It isn’t. It’s the image of a pipe. Obviously, that’s not the same thing. The strategy of tautology as applied by the Village is obfuscation, in order to conceal its real a) nature and b) location. Things are what they are, the difference between the signifier (the meaning: a pipe) and the signifcant (the one who/that points towards: the image of a pipe) is gone. What’s the name of the mountains? There’s none. They are THE MOUNTAINS. Nothing else, nothing more. The name of the café? It’s got none. Because it’s the only one it’s simply THE CAFE. THE VILLAGE? It’s just that. Also because it is one. And it’s the only one for those in it. It’s intended to be their world.
Admittedly, this can be observed only once or less than a handful of times in the series. I wouldn’t maintain that this trait is very consistent all through The Prisoner but arguably it is at work. Prominently seen in the map scene of "Arrival". In the case of the word „Prisoner“ you are right. The man is called „Number 6“, hardly „Prisoner“. But that’s what he is. Prisoners usually have got numbers haven’t they. – BCNU!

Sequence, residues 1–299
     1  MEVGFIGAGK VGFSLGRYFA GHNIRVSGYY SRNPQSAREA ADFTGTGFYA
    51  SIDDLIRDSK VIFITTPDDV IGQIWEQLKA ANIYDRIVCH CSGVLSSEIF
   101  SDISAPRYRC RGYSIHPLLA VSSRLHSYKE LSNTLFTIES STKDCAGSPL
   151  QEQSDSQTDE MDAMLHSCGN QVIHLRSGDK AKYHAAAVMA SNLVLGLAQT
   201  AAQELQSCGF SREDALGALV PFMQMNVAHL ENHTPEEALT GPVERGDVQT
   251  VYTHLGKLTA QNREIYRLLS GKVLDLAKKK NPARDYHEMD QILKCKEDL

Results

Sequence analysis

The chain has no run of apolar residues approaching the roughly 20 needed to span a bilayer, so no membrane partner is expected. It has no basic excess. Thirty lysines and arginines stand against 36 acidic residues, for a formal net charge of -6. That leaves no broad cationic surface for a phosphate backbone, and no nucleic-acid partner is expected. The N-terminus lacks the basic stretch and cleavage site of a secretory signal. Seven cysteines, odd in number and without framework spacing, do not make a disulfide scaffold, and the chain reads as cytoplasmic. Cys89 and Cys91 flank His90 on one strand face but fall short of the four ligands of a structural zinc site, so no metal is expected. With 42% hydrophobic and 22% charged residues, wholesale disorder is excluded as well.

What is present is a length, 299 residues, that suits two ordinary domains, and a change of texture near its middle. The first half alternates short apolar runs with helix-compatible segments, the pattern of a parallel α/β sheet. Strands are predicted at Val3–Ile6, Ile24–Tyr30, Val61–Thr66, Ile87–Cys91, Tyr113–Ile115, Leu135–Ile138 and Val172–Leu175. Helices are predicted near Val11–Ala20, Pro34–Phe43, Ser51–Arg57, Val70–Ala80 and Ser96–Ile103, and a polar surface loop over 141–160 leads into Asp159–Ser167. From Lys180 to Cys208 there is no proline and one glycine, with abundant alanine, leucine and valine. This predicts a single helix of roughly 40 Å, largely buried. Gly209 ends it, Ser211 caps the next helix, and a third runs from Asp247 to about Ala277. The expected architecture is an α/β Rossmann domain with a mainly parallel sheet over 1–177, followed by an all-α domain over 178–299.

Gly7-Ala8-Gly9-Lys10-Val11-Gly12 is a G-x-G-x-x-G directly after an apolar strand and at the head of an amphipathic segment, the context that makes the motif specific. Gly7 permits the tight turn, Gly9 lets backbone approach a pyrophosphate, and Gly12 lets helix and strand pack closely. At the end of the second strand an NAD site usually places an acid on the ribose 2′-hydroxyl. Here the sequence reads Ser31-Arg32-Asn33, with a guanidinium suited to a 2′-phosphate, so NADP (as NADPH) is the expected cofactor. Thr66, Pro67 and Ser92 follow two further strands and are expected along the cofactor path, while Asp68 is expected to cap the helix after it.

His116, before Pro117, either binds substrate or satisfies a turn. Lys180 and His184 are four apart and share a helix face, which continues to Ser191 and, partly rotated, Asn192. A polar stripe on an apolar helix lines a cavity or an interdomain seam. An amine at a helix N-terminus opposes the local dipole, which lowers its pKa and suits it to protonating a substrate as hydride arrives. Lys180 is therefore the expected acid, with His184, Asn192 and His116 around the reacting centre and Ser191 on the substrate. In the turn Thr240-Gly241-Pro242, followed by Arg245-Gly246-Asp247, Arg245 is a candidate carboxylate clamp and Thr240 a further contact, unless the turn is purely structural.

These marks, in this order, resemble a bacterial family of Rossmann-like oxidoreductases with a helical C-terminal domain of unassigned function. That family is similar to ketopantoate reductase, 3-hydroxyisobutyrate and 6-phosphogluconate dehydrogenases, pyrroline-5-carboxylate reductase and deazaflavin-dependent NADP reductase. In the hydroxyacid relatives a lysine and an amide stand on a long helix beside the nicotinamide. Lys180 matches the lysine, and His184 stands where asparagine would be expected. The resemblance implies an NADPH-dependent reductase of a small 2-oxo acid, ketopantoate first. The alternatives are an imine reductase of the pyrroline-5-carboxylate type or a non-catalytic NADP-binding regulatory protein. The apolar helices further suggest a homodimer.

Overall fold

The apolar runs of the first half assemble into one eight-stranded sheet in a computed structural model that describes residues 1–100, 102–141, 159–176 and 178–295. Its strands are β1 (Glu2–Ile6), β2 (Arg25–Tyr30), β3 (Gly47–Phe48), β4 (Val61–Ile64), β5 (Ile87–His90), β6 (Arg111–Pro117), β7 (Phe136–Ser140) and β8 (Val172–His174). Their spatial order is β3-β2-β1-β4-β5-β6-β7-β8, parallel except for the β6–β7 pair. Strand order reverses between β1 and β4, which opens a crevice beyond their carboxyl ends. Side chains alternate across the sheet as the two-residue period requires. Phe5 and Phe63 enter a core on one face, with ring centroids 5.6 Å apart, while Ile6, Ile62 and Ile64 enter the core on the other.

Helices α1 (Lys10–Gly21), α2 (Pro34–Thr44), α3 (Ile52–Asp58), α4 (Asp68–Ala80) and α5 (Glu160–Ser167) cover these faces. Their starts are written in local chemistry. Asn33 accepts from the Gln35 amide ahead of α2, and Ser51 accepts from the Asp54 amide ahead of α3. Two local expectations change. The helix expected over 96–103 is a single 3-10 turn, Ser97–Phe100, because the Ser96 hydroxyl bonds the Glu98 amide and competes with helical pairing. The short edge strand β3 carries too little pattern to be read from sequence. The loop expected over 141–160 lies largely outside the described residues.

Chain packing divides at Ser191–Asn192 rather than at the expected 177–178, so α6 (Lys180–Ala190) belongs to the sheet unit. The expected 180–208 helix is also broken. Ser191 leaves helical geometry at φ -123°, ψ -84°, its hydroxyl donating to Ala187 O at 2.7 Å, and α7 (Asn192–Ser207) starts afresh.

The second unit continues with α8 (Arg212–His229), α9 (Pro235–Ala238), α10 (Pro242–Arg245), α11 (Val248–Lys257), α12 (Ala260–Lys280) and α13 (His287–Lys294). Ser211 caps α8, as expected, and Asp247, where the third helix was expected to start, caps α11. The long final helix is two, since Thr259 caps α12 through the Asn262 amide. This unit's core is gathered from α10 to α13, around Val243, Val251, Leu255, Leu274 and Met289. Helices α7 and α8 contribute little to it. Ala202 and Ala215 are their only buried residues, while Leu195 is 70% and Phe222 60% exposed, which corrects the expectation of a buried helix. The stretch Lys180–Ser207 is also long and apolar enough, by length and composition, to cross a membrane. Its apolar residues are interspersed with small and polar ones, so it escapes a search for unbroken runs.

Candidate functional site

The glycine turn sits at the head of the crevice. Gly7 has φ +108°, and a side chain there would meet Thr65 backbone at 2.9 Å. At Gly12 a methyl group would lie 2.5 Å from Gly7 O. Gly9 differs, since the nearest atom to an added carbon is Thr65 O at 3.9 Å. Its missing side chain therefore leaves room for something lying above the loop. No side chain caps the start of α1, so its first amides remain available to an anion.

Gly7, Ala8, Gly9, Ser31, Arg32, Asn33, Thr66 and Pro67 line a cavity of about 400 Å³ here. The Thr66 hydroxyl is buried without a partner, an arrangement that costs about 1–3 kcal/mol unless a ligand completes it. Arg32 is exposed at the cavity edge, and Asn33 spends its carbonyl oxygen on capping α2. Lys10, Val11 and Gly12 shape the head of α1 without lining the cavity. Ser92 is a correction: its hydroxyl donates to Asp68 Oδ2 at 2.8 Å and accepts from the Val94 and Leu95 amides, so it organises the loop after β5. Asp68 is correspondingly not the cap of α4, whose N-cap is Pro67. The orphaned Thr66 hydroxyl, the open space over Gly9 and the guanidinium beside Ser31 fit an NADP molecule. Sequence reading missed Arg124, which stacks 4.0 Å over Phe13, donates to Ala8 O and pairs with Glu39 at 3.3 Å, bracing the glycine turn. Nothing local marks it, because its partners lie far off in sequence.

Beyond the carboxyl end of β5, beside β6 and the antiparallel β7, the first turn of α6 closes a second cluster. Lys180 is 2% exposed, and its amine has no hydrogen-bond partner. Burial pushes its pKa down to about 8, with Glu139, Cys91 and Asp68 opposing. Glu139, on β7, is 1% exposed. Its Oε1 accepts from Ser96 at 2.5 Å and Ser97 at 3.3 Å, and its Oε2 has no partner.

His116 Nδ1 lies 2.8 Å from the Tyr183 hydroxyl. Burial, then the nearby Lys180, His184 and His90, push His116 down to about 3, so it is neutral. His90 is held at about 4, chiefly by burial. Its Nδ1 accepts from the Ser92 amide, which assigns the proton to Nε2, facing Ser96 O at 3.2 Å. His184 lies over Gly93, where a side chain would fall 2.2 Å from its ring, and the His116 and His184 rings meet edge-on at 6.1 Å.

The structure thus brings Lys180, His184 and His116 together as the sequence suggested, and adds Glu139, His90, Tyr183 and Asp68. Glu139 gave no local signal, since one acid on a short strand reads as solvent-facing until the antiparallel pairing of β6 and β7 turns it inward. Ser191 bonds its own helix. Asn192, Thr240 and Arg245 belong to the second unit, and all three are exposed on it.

Yours is an exhaustive and interesting comment, and now I comprehend what you are aiming at, and I thank you for it. The
Mountains are the mountains, there is no further need for explanation as they are what they are, as is The Sea, The Beach, The Woods, and The Cafe.
Prisoners do usually have numbers, but then we don't know the number of the Butler becasue he doesn't wear it, as in the case of several prisoners in The Village.
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I can't explain (probably I could and partly I have) why but this particular scene has always been and still is among my favourites. Try to be an innocent first-time viewer, you'd expect information, explanation for that matter from the map. But what do you get? A puzzle, a fake "solution" as an explanation which leaves you perplexed, stripping you off your certainties and throwing you back into - nothing, really. Everything you thought was doubtless is questioned. But questions are a burden to others, so don't ask! No one's going to give you a true answer. The vicious circle which The Prisoner is too, closes in again. I guess that's why. I'm a lover of surreal subversion. - BCNU!ReplyDelete
Very nicely put if I may say so. For myself, I was an innocent first time viewer when I was twelve years of age, and I did expect answers, explanations, and information. There were no answers, and even if there were they were very thin on the ground, which is probably just as well. For perhaps if those questions were not such a burden, the answers given, 'the Prisoner' might not have endured for as long as it has. Yes I like the "Questions are a burden to others, so don't ask. No one's going to give you a true answer."